Amicus Curiae: A New Law? A Standalone Strangulation Offence Awakens

Ashley Wainstein, Content Contributor

Labour party member Kelvin Davis has put forward a proposed members’ bill with the intention of amending the Crimes Act to make non-fatal strangulation a standalone criminal offence. The Law Commission is recommending the same course of action, having found that in cases where strangulation did not result in obvious external injury, perpetrators of the crime were charged with low level offences. In their view, these individuals were being penalised less harshly than they deserved.

Currently, a perpetrator can only be convicted on the basis of general assault charges, commonly “assault by a male on a female”. However, this does not often result in conviction of the assailant due to the action not yet being properly defined by law. Whether the current law is inadequate to deal with offences of this kind has been a point of contention.

For this reason, the impetus behind this amendment is to increase public awareness and understanding, and to assist in the complete prosecution of perpetrators. By making the offence specific, it aims to highlight the severity and potential risk of strangulation leading to further violent crimes against the person in domestic relationships. It has been found that many non-fatal strangulation victims have not only been subject to this specific form of assault multiple times, but that this kind of assault has also led onto greater, more violent actions, and in many cases, has preceded the fatal end of the victim. Thus, non-fatal strangulation often serves as a precursor to more damaging harm, both psychological and physical.

The proposal to make non-fatal strangulation a criminal offence can be viewed as a preventative measure, as it makes explicitly clear the unacceptable nature of the offence, thereby deterring possible offenders. It can also be seen as punitive by illustrating the abhorrent nature of the offence, and making any offence of this kind and severity punishable by law. Furthermore, should strangulation be adopted as a standalone criminal offence, New Zealand would be brought into alignment with other countries with similar strangulation laws, such as the United Kingdom and America. Adherence to these international standards could arguably lead to a better deliverance of justice within New Zealand.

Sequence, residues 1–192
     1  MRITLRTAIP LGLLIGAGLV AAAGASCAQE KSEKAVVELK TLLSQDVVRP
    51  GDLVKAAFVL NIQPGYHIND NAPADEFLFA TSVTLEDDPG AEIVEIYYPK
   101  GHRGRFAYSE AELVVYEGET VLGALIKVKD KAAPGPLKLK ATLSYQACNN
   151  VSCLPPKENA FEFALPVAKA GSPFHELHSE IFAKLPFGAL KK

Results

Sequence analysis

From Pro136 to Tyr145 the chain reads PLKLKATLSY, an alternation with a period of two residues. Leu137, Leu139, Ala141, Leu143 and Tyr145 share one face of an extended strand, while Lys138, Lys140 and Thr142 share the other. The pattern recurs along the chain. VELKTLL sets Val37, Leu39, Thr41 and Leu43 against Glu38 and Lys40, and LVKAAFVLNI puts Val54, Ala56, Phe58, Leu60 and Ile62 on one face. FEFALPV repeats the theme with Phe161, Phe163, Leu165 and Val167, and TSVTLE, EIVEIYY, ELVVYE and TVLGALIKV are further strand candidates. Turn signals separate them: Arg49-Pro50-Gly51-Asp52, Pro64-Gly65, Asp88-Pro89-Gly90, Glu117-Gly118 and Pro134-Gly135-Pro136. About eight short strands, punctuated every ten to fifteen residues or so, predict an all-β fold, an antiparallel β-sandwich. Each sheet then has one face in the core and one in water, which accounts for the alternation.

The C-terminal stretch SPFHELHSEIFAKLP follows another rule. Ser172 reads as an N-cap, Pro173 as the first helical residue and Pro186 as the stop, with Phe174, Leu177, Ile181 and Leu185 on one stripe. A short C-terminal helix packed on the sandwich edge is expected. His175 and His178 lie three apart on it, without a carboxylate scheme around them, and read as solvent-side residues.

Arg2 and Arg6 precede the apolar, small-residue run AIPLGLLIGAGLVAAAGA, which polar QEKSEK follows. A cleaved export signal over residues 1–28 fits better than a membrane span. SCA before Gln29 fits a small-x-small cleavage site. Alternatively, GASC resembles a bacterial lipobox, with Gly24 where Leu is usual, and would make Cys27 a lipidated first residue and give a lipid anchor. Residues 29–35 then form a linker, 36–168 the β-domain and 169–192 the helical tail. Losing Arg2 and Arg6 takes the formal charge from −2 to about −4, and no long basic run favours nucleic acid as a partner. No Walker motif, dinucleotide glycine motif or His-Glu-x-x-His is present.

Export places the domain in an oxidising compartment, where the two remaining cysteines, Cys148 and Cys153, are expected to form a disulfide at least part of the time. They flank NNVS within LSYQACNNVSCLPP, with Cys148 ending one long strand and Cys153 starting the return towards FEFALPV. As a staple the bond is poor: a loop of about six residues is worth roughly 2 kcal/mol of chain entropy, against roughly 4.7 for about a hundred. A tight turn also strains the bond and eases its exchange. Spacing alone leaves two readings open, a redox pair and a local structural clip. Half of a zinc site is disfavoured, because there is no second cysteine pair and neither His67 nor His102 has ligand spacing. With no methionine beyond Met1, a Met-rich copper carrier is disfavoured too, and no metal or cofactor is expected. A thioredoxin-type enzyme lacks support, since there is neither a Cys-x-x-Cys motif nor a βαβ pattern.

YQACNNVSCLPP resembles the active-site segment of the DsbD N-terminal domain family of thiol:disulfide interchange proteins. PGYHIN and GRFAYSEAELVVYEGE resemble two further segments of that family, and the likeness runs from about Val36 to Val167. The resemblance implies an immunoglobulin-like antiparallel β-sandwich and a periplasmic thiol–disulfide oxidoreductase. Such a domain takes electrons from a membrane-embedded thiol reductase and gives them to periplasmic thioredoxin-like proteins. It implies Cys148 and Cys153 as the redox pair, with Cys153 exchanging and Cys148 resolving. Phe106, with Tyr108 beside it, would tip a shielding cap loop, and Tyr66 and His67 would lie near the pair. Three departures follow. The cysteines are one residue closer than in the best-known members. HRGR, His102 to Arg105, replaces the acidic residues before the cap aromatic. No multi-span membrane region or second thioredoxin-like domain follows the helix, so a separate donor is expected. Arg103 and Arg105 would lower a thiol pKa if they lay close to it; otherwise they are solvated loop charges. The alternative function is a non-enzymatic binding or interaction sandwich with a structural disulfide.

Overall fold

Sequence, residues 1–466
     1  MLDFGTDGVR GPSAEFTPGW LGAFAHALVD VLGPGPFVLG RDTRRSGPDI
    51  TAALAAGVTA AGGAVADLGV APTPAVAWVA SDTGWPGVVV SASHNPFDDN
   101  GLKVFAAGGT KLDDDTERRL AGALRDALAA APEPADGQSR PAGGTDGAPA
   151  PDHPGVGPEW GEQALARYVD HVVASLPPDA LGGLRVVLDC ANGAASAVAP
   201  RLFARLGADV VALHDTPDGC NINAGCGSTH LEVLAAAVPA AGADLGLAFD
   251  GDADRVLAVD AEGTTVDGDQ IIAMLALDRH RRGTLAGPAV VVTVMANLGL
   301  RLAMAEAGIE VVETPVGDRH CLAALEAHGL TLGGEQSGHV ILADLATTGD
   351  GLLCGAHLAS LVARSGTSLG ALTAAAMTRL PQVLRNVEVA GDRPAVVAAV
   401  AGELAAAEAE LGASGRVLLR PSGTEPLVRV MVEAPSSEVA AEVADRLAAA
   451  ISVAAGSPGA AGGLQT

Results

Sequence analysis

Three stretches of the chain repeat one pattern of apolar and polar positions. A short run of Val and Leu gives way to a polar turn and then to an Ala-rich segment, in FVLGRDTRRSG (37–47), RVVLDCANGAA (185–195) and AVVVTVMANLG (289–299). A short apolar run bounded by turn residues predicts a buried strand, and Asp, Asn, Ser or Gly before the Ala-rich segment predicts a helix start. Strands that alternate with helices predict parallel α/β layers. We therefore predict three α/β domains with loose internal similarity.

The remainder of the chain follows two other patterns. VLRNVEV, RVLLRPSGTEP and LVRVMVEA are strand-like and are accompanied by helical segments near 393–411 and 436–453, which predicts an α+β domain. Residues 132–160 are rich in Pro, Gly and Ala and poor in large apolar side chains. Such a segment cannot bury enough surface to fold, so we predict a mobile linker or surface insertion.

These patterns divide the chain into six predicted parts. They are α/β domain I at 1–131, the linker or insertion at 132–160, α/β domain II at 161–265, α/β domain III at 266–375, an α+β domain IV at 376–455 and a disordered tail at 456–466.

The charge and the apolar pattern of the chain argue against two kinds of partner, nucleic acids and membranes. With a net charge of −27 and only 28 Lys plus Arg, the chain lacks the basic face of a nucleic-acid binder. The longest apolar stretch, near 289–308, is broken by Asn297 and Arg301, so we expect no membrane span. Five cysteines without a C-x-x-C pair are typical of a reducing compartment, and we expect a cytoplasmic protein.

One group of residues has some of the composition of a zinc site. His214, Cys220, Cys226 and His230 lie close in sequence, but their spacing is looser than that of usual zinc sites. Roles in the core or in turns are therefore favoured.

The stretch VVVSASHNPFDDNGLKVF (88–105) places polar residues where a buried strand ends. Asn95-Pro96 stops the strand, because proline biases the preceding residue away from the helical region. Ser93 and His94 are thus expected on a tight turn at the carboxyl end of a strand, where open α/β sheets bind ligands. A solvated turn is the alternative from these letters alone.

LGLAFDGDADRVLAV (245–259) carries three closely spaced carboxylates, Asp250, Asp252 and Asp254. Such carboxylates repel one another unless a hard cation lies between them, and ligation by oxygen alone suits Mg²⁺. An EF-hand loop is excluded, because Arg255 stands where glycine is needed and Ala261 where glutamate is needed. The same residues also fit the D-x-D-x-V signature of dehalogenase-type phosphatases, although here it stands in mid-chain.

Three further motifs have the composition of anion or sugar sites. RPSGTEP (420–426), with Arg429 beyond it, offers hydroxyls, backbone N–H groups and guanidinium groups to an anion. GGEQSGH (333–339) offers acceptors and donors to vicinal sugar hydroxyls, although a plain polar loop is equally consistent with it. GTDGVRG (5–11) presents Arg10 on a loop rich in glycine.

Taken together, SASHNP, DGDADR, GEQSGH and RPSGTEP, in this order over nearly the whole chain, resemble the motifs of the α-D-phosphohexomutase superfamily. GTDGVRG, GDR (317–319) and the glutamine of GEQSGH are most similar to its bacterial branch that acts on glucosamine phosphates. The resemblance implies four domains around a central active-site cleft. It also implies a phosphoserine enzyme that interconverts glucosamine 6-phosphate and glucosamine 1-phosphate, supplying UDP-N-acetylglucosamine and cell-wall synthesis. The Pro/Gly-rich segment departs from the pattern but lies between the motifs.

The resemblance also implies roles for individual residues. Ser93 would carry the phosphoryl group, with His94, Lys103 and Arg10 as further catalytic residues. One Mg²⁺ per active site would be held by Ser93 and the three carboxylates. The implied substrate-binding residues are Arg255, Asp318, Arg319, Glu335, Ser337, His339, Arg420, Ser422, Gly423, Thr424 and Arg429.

The development of this law could be interpreted as having a more victim-based approach towards criminal prosecution. The proposed law would further enforce the rights of the victim, and not only aim to punish the perpetrator for breach of individual rights, but also make an example of them. By sanctioning strangulation offences it makes clear the true nature of the offence and the extent of the issue to the courts. This further advocates for the protection of the rights of victims and it makes clear to society that there is no tolerance for this type of behaviour.

With this information in mind, it is necessary to review the possible concerns relating to the creation of a standalone offence of this kind. Unless the offence is explicitly outlined and the case is materially similar to the law, the courts may find difficulty in reviewing strangulation offences due to its brief and often case-reliant nature. There are issues surrounding cases involving consensual strangulation, and how they would be dealt with under this law. Clear wording in the legislation would be necessary to prevent heightened numbers of criminal convictions, or a repeat of the infamous R v Brown case.

The decision then remains as to whether concerns of this type are enough to warrant rejecting the proposed amendment altogether, or if the issue does not sanction an exclusive interference of the criminal law. Perhaps it is essential, considering the austerity and the force of strangulation cases, to be mindful of what the current law is allowing and the message that is communicated to both victims and potential assailants. It is consistent with the rights of victims and the overall safety of individuals that there is a sufficient measure of accountability and prevention in order to properly protect from harm. Therefore, there is weight behind the interpretation of this proposal as imperative in ensuring an appropriate deliverance of justice to society and the more intrinsic concerns regarding criminality, such as the matter of public safety. Whether Davis’s bill will have an appropriate impact in Parliament remains to be seen.

The views expressed in the posts and comments of this blog do not necessarily reflect those of the Equal Justice Project. They should be understood as the personal opinions of the author. No information on this blog will be understood as official. The Equal Justice Project makes no representations as to the accuracy or completeness of any information on this site or found by following any link on this site. The Equal Justice Project will not be liable for any errors or omissions in this information nor for the availability of this information.